Supermarket Design Layout
- Pages: 2
- Word count: 421
- Category: College Example Design
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1. Identify a supermarket/grocery market to discuss for this Discussion topic. For this topic, I chose Dominick’s (Safeway).
2. What departments within the market tend to be co-located (adjacent to one another)?
Do you believe the co-location is planned? If so why? Flowers tend to be the first thing you see in order to denote freshness. Immediately following is the produce department which continues and is enhanced by the freshness message from the flowers that you saw first. This is definitely a planned progression. It’s a subliminal message to your brain that the produce is fresh as well as the entire store. Also, the produce is situated to be the first item you shop for because it’s highly perishable and must be sold quickly. Usually, you’ll find the bakery at the front as well. These smells tend to make you hungry and ultimately purchase more items. When you walk in the store, you haven’t been hit by prices yet and mentally, you’re still open financially.
3. What departments within the market tend to be distant from one another? What purpose is accomplished by separating these departments so far apart from each other? All of the main departments are found on the outsides or four corners of the store. You can’t reasonably make a meal from shopping in just one of these departments. Even vegetarians will have to visit the “heart” of the store for items like oils and spices. The key is to encourage your customer to expose themselves to as much of the store as possible so that they buy items not on their list.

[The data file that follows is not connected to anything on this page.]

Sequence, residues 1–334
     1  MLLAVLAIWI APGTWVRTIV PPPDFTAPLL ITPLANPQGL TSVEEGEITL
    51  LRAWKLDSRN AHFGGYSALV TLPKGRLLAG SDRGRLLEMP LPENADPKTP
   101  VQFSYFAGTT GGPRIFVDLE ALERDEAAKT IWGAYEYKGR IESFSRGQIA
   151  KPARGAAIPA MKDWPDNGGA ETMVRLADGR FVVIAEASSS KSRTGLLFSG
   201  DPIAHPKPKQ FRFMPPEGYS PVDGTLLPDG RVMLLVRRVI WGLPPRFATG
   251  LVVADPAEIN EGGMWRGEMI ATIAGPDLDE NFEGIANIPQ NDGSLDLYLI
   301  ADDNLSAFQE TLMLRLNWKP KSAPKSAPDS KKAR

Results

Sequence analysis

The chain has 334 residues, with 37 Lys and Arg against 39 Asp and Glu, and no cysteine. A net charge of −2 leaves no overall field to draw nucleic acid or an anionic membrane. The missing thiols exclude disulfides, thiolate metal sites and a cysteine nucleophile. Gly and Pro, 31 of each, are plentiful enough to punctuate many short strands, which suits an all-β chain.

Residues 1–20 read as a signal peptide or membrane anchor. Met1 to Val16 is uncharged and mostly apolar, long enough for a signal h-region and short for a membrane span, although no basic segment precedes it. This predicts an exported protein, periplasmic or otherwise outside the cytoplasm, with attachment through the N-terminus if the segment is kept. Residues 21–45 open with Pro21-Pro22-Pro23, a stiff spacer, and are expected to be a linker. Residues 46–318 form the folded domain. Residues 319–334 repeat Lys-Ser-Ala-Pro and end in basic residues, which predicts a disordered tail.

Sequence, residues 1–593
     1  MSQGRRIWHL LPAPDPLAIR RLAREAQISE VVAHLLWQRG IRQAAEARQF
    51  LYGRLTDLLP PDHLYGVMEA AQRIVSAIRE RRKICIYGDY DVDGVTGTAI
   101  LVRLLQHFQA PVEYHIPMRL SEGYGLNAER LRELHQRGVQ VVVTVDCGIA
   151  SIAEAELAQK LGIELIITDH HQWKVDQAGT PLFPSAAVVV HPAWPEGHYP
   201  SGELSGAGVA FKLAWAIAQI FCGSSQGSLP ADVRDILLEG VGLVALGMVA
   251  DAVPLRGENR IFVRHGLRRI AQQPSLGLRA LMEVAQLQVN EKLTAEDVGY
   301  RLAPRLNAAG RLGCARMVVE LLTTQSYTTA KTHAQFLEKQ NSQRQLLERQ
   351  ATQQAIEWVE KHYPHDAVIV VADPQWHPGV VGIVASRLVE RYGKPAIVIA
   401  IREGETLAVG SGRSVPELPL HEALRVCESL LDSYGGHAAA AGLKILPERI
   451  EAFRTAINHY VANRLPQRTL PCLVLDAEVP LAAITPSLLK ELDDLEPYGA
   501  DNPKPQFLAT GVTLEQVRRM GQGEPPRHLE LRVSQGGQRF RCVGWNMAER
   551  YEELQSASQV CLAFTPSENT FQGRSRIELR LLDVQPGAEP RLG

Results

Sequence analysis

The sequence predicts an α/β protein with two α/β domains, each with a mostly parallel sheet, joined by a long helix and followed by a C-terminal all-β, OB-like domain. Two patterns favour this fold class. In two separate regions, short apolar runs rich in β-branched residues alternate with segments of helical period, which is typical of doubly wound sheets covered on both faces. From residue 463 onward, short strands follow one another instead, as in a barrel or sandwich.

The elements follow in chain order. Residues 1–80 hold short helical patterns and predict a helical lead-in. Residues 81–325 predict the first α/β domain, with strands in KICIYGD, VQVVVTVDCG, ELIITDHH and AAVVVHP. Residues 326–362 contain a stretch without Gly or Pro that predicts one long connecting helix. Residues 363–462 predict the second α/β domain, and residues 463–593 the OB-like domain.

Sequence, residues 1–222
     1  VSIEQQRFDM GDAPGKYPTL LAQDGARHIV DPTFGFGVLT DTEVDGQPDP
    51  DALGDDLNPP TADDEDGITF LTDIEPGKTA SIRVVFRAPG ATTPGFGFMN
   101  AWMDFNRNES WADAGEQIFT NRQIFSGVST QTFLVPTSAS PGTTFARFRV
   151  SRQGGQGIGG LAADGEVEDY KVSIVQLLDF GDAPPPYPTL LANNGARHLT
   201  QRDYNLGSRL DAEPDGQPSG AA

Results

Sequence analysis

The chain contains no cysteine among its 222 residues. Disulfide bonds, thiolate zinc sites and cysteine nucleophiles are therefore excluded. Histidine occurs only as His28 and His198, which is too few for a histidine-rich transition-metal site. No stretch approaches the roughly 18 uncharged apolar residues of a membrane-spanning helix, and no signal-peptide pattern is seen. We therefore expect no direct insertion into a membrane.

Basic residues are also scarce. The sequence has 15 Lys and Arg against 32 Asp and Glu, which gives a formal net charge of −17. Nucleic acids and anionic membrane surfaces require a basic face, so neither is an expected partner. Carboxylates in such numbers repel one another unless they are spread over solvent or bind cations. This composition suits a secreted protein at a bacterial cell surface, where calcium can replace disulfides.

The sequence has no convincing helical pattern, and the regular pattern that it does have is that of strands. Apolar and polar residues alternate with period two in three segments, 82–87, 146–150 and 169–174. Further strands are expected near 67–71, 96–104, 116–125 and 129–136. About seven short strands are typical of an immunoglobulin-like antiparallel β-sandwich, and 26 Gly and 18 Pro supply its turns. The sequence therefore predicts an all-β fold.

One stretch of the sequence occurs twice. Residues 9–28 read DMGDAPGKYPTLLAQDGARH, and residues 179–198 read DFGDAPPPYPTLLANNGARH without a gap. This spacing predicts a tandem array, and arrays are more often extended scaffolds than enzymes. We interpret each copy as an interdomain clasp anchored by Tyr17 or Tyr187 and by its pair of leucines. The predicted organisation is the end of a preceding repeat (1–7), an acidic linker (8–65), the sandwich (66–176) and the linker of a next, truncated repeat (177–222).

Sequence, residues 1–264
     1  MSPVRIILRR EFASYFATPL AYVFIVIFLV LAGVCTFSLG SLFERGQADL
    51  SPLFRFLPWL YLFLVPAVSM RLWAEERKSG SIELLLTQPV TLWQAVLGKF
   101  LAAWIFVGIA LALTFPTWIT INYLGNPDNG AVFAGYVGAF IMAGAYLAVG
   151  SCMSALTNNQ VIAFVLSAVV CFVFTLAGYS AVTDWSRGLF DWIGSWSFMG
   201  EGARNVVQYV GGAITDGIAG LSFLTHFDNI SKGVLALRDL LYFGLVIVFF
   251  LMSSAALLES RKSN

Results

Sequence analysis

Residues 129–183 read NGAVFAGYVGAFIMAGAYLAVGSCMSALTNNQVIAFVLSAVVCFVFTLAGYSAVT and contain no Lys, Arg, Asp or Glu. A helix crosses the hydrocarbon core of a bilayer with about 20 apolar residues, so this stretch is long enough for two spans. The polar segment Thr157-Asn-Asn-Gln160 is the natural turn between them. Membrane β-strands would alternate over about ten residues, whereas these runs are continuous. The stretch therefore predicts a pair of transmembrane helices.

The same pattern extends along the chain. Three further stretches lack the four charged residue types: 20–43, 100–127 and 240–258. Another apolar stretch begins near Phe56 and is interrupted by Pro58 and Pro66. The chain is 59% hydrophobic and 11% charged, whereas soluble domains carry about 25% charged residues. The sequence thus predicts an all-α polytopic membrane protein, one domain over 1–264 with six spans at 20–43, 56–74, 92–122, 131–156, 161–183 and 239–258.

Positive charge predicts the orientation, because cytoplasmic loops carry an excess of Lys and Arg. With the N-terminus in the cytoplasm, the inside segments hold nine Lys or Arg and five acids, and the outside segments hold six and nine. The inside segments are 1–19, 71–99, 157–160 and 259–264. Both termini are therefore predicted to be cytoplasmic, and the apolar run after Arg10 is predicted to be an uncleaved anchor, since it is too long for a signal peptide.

4. Why is the layout of the supermarket so important to the overall delivery of the products and services provided? To draw consumers deeper into the market and expose them to nonessential items along the way. Shopper psychology is also an important aspect to the lay out of the store. Additionally, the way shelves are stocked also has tremendous impact on a shopper’s buying habits. 5. What recommendations would you make to the layout of the supermarket to make the layout more effective or efficient? The key is getting shoppers to spend time in the store. Your store may be laid out in the most up to date, scientific manner possible but if shoppers are able to run in and out and not be sidetracked by additional items, your bottom line is going to suffer (Hageman, 2010).
Hageman, W. (2010, October). Supermarket science. Retrieved from http://articles.chicagotribune.com/2010-10-13/features/sc-food-1008-supermarket-20101013_1_supermarket-science-dairy-case-bakery